MByD already pointed out the problem (my upvote for you, MByD), so with that addressed, I'd like to contribute some advice.

Sorting is one of the problems that have been tackled over, and over, and over and over in the history of computer science. There's an excellent Wikipedia article with an index and comparison of tons of sorting algorithms. Pick a few and learn how they work! Reverse-engineering (sort of) algorithms is a great way to improve your own skills.

Try for example bubble sort, insertion sort and quick sort.

Cheers!

share|improve this answer
    
Thanks for the Wikipedia article! I'm in the process of taking MByD's suggestion and working it step by step again. –  DestroyerDust Apr 3 '11 at 0:48
up vote 1 down vote accepted

I figured it out after some stack traces with a friend. Heres the fixed code:

struct node *sort_list(struct node *head) {

    struct node *tmpPtr = head;
    struct node *tmpNxt = head->next;

    int tmp;

    while(tmpNxt != NULL){
           while(tmpNxt != tmpPtr){
                    if(tmpNxt->value < tmpPtr->value){
                            tmp = tmpPtr->value;
                            tmpPtr->value = tmpNxt->value;
                            tmpNxt->value = tmp;
                    }
                    tmpPtr = tmpPtr->next;
            }
            tmpPtr = head;
            tmpNxt = tmpNxt->next;
    }
         return tmpPtr ; // Place holder
}  
share|improve this answer

Rather than copy someone else's code that has known issues, I'd suggest making your own. You'll learn a lot more and just might end up with fewer bugs.

That said, if you want to know what it's not working, follow through what happens once the smallest value reaches the head of the list. tmpPtr->value will get set to 1, which gets assigned to a, which ends up skipping the inner while loop.

share|improve this answer

Here is my version of linked list sorting using Quick Sort Algorithm. Check if this helps..

#include "stdafx.h"
#include "malloc.h"

typedef struct node {
    struct node *next;
    int val;
} node;

bool insert_node(struct node **head, int val)
{
    struct node *elem;
    elem = (struct node *)malloc(sizeof(struct node));
    if (!elem)
        return false;
    elem->val = val;
    elem->next = *head;
    *head = elem;
    return true;
}

int get_lval(struct node *head, int l)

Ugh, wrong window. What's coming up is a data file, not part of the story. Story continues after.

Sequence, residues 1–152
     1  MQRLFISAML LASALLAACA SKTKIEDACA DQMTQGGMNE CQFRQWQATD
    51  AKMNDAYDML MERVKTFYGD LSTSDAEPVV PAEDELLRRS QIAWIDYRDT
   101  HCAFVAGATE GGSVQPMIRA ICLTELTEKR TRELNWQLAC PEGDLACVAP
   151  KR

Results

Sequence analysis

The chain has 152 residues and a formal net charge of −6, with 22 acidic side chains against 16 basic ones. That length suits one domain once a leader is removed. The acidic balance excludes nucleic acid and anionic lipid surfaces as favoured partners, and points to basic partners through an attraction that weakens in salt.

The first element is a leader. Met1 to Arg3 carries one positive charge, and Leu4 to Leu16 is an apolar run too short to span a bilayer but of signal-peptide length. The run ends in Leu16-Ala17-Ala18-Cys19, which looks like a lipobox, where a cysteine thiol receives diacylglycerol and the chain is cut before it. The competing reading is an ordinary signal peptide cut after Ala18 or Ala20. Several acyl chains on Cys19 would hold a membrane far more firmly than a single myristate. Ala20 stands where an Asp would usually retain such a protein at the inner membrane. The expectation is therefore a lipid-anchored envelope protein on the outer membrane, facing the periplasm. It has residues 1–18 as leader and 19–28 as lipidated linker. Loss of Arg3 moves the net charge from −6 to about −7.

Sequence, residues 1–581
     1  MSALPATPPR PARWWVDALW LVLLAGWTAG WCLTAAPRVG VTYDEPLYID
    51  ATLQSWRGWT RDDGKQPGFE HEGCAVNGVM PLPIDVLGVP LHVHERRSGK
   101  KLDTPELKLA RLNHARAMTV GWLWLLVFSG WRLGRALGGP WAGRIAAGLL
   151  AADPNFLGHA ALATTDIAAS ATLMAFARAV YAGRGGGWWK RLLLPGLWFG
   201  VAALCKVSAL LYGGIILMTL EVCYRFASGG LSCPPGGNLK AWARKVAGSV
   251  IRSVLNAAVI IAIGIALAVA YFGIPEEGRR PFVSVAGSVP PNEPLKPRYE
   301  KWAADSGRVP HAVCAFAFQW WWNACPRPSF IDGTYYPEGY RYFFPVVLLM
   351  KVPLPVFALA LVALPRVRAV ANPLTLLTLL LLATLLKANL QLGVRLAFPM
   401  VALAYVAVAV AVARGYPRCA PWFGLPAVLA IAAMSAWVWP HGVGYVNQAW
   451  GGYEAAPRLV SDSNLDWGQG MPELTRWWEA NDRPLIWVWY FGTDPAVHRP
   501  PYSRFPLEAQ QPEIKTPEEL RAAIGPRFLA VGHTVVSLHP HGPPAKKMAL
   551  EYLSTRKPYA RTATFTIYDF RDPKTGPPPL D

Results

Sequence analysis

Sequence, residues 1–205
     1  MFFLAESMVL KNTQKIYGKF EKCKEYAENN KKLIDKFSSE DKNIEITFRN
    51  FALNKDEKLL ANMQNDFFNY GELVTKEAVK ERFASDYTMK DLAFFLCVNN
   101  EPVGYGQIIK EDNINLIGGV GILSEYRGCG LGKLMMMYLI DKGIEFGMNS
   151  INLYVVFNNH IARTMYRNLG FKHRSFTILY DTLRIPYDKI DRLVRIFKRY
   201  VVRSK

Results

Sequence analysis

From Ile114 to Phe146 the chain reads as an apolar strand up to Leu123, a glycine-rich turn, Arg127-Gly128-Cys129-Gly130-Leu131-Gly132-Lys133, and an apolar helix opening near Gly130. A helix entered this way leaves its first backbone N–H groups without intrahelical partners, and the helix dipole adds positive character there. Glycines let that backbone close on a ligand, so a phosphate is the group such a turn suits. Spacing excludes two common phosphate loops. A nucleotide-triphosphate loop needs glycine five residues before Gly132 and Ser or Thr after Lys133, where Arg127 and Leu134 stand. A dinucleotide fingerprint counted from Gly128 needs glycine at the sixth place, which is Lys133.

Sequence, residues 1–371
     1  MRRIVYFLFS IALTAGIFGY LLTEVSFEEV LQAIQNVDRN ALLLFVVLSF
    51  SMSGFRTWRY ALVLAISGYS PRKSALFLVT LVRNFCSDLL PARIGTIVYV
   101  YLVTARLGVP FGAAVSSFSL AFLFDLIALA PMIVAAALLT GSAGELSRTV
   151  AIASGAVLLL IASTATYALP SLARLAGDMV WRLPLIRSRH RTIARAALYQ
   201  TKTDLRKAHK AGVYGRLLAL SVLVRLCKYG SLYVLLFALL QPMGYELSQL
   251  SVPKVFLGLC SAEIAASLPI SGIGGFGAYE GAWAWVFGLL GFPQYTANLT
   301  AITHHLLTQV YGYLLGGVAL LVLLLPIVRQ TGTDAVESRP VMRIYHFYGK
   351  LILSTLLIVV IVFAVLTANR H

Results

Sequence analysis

{
    while(head && l) {
        head = head->next;
        l--;
    }
    if (head != NULL)
        return head->val;
    else
        return -1;
}

void swap(struct node *head, int i, int j)
{
    struct node *tmp = head;
    int tmpival;
    int tmpjval;
    int ti = i;
    while(tmp && i) {
        i--;
        tmp = tmp->next;
    }
    tmpival = tmp->val;
    tmp = head;
    while(tmp && j) {
        j--;
        tmp = tmp->next;
    }
    tmpjval = tmp->val;
    tmp->val = tmpival;
    tmp = head;
    i = ti;
    while(tmp && i) {
        i--;
        tmp = tmp->next;
    }
    tmp->val = tmpjval;
}


struct node *Quick_Sort_List(struct node *head, int l, int r)
{
    int i, j;
    int jval;
    int pivot;
    i = l + 1;
    if (l + 1 < r) {
        pivot = get_lval(head, l);
        printf("Pivot = %d\n", pivot);
        for (j = l + 1; j <= r; j++) {
            jval = get_lval(head, j);
            if (jval < pivot && jval != -1) {
                swap(head, i, j);
                i++;
            }
        }
        swap(head, i - 1, l);
        Quick_Sort_List(head, l, i);
        Quick_Sort_List(head, i, r);
    }
    return head;
}

struct node *Sort_linkedlist(struct node *head)
{
    struct node *tmp = head;
    // Using Quick sort.
    int n = 0;

    while (tmp) {
        n++;
        tmp = tmp->next;
    }
    printf("n = %d\n", n);
    head = Quick_Sort_List(head, 0, n);
    return head;
}

void print_list(struct node *head)
{
    while(head) {
        printf("%d->", head->val);
        head = head->next;
    }
    printf("\n");
}

int _tmain(int argc, _TCHAR* argv[])
{
    struct node *head = NULL;
    struct node *shead = NULL;

    insert_node(&head, 10);
    insert_node(&head, 12);
    insert_node(&head, 9);
    insert_node(&head, 11);
    insert_node(&head, 7);
    insert_node(&head, 1);
    insert_node(&head, 3);
    insert_node(&head, 8);
    insert_node(&head, 5);
    insert_node(&head, 2);
    insert_node(&head, 4);
    insert_node(&head, 6);
    print_list(head);

    shead = Sort_linkedlist(head);
    print_list(shead);

    return 0;
}